Friend Host Community Nationals on Facebook or Not?

April 23rd, 2015 by | Tags: , | No Comments »

Prior to joining the Peace Corps, I worked for a non-profit organization full-time for two years. I made a policy not to friend any of my colleagues on Facebook while I was working at the organization. I had nothing to hide on Facebook. I just wanted to set clear boundaries between my professional and personal life. I didn’t want to bring my personal life to work. I also didn’t want my colleagues to think that my spending time socializing with friends at pubs and restaurants would be an interference at work.

When I joined the Peace Corps, I debated whether or not I should be Facebook friends with Host Community Nationals, people who would be my work partners. I was already Facebook friends with many Peace Corps Volunteers from my group prior to moving to Cameroon because we needed each other’s support to share our ups and downs and answer each other’s questions relating to the big move. However, for Host Community Nationals, I was on the fence. These were the people with whom I would be working everyday on various assignments to improve the lives of persons with disability. I had very similar concerns as I had when I was working at the non-profit in the US. On Facebook, I post many photos of my social life and share my challenges of living in Cameroon. I did not want my work partners to think that my social life would affect my quality of work. When they read about my down moments, I didn’t want them to wrongly think that I hate Cameroon and their culture.

Shortly after arriving in Cameroon, I learned that Peace Corps is not just a job. It’s a way of life. My work partners aren’t just people with whom I work. They are also my friends who are learning about an American’s perspective of living in Cameroon. They are also my biggest supporters, meaning that they are there for me to help me integrate into the Cameroonian life. I decided to let them be my Facebook friends. Almost all of them sent me friend requests, and I accepted all of them.

Since I gave them the access to my entire profile, they have been given a window into the life of an American living in Cameroon. They have been learning more about how an American feel about living in Cameroon. They learned that I highly value internet as I have expressed frustrations about the lack of quality of internet in Cameroon. They learned about what food people in the western world enjoy eating as I posted pictures of what I have cooked in my own home. My posts has allowed my Cameroonian friends to share their point of view of my challenges. For example, I posted a status about my conversation with a Cameroonian man on religious beliefs and how people should practice their religion. I said in the status that the Cameroonian man tried to persuade me to read the bible and believe in god while I told him that he needed to respect my belief, which was different from his own belief, and recognize that I’m from a country where we have diverse beliefs and religions. A Cameroonian friend commented under my status and explained that most Cameroonians are generally very respectful of everyone’s beliefs but it is true that people do take religion very seriously in their country. By having my Cameroonian friend comment, my friends from the US and other parts of the world were able to see insights from the people who are from the very country where I’m living. On another day, I posted a status about my learning that wheelchairs are almost nonexistence in Cameroon and wishing that we could bring in power wheelchairs made for rough terrains to Cameroon. A couple of wheelchair users from the US who were my Facebook friends shared their concerns about whether or not power wheelchairs can work in Cameroon. My Cameroonian friend who is a power wheelchair user chimed in and shared her perspective with them on how power wheelchairs can actually work in Cameroon. When I burnt the back of my leg last week by accidentally touching the gas pipe on a bike and shared the news on Facebook, my Cameroonian friends wrote “Ashia!” and thus, my friends from other parts of the world learned how Cameroonians say “I’m sorry.”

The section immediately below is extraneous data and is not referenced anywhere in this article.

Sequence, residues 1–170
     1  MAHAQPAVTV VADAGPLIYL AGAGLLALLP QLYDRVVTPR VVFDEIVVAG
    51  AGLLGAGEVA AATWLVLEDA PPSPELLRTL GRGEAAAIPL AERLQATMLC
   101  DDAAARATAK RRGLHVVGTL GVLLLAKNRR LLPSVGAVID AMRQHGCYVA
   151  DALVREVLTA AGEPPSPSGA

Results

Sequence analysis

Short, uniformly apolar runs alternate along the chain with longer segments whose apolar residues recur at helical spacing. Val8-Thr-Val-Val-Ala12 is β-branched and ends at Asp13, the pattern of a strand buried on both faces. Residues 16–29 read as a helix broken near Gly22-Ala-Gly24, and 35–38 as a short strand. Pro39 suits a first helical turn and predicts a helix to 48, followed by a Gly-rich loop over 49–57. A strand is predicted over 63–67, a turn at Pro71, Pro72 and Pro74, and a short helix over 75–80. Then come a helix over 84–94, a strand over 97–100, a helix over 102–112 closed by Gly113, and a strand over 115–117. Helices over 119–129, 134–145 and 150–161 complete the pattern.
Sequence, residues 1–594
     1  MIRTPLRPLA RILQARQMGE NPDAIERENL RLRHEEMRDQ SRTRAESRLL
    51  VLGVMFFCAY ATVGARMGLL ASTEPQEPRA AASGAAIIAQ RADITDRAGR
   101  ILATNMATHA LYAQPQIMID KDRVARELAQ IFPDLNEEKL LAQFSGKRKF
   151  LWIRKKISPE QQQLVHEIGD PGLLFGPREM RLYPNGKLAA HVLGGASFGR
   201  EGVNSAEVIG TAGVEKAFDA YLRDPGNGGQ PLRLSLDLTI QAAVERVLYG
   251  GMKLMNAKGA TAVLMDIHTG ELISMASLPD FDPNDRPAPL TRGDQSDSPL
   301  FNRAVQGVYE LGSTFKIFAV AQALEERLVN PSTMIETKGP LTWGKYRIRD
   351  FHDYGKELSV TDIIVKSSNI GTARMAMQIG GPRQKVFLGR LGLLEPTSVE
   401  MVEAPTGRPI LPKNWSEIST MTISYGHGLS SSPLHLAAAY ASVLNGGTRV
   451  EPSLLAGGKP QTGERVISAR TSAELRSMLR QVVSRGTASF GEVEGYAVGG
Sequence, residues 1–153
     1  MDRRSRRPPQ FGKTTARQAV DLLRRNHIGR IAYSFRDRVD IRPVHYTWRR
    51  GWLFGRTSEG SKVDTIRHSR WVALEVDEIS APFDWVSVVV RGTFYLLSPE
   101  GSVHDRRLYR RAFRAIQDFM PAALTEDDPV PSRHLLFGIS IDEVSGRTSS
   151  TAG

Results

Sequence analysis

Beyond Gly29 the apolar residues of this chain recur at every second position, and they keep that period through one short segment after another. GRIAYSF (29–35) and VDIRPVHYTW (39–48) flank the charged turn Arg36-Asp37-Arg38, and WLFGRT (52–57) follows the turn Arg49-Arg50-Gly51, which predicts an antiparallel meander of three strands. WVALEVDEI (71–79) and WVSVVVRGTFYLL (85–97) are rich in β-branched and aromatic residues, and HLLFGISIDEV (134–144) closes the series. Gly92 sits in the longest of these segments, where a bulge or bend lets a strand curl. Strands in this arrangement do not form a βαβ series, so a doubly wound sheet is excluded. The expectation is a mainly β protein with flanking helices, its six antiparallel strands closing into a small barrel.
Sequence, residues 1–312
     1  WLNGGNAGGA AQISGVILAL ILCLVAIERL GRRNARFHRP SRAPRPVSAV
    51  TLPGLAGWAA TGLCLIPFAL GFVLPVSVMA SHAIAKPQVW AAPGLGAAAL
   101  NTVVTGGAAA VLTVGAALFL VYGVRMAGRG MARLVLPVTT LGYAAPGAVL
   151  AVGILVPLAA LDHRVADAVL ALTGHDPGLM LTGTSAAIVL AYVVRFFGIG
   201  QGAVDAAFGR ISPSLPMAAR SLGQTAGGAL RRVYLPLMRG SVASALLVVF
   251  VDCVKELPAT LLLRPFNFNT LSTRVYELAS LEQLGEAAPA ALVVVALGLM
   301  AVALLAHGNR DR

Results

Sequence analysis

Using Facebook is an incredible way to fulfill Peace Corps’ second and third goal which is to teach each other about our own cultures. I have really found that being friends on Facebook with Host Country Nationals has far more benefits that not allowing them to see what I write on my profile page. Facebook allows my family and friends in the home country and my host community nationals connect with each other while being several thousands miles away and learn from each other.

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